Social media as a method for targeting key audiences is standard practice among Internet marketers nowadays, but as social media itself continues to expand beyond domestic borders, so too does the reach of your company. Addressing a global audience of various cultures, languages, and preferences is no simple task and its mishandling could hurt your reputation overseas.
The sheer scale of international brand messaging carries certain inherent obstacles. A primary obstacle is the language barrier While English is certainly more of a universal language in the business world, this does not always apply to the consumer. If all of your content is in English, it will not only be lost on those who don’t understand, but it will send the implied message that their market is an afterthought, never mind the lack of specific content for their region.
Round up your analytics and monitoring tools to pay closer attention to how your brand is being mentioned. Google Trends can give you a good idea of how people search for related products and merchandise based on geographical location. Once you’ve identified what is important to each region, you can tailor your content to their interests.
Once you have a system in place, you’ll want to consider how you will expand your communication to handle the increase local demand. Best practice says the spoke-hub distribution is most effective. Build a central point of contact, your English blog for example, then direct all channels to link back to the main hub. This is the largest source of your content and sets the standard of content by which all subsequent branches behave.
Create a second tier whose primary objective is servicing the target communities. This branch will have a clear understanding of their individual foreign markets, what appeals to them, and what will not work. They will be responsible for ensuring the accuracy of the translated text and other cross cultural issues that could arise.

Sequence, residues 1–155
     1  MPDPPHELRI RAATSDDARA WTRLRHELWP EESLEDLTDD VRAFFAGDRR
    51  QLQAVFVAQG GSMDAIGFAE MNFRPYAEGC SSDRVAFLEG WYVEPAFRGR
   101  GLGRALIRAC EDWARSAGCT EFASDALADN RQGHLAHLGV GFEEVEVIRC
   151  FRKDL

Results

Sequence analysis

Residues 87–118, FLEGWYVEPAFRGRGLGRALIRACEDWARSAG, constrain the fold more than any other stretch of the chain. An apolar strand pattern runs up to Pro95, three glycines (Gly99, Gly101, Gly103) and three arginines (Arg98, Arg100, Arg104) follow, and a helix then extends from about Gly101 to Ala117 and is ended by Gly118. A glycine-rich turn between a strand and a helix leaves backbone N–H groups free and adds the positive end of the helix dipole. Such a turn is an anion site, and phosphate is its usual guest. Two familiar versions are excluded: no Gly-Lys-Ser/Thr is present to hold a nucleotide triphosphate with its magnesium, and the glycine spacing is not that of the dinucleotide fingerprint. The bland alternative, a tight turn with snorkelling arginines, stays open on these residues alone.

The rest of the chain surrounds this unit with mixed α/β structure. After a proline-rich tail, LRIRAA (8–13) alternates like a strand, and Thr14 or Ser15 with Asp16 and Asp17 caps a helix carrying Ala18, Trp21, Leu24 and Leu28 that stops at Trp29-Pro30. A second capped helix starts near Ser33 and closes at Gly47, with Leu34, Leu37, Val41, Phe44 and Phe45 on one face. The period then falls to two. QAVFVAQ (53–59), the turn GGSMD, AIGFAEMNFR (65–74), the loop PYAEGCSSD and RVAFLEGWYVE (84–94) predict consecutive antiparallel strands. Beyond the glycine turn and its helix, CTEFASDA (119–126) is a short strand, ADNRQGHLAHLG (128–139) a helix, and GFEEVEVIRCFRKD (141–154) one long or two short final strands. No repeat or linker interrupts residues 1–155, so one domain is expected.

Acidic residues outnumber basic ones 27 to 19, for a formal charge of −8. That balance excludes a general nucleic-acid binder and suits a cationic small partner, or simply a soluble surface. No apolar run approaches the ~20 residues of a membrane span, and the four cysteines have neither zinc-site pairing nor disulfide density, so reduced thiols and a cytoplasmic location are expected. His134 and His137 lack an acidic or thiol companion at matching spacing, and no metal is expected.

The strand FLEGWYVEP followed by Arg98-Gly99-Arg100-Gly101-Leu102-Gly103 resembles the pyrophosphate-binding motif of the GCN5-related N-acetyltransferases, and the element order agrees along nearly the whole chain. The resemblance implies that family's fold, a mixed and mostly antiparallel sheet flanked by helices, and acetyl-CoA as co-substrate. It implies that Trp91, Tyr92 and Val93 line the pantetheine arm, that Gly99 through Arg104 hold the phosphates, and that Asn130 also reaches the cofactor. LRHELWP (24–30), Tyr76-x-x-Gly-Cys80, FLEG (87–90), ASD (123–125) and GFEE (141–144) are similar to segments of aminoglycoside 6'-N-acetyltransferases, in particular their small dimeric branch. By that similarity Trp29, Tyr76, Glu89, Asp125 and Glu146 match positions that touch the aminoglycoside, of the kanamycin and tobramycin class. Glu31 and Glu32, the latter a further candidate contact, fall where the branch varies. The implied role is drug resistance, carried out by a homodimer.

Your third tier will consist of those on the ground, so to speak. Here are the people manning your social media channels, responding, listening, and engaging your foreign audience in their own language and timezone.
The content you put out will be viewed by a global audience. Avoid content that will be irrelevant or too region specific. Operating content from a central hub in this way reduces the need for multiple social media accounts, which not only dilutes the strength of your online presence but creates more moving parts with the potential for miscommunication, misinformation, and increased resources in terms of oversight.
Expansion creates the potential for more problems as you bring on new staff and find your footing in untested waters. Take the time to create a thorough and clear map of proper behavior for your employees and departments to follow across the entire spectrum of Customer interaction, including when and how to handle escalation, crisis management, guidelines for acceptable content, and inter- and intradepartmental communication. The devil is in the details, and when it comes to a global campaign, he’s in joints that link your infrastructure together.
New markets will require refinement so monitor the effectiveness of your strategies to ensure that you are delivering the highest caliber of content for each specific market. Adjust content or protocol as necessary to hedge against your losses.
Internet marketing provides a means of global communication unprecedented at any other time in history, but it also carries the added risk of large scale public failure. Keep a tight rein on your system from the ground up to avoid too much freedom in how content is distributed and with what language responses are issued.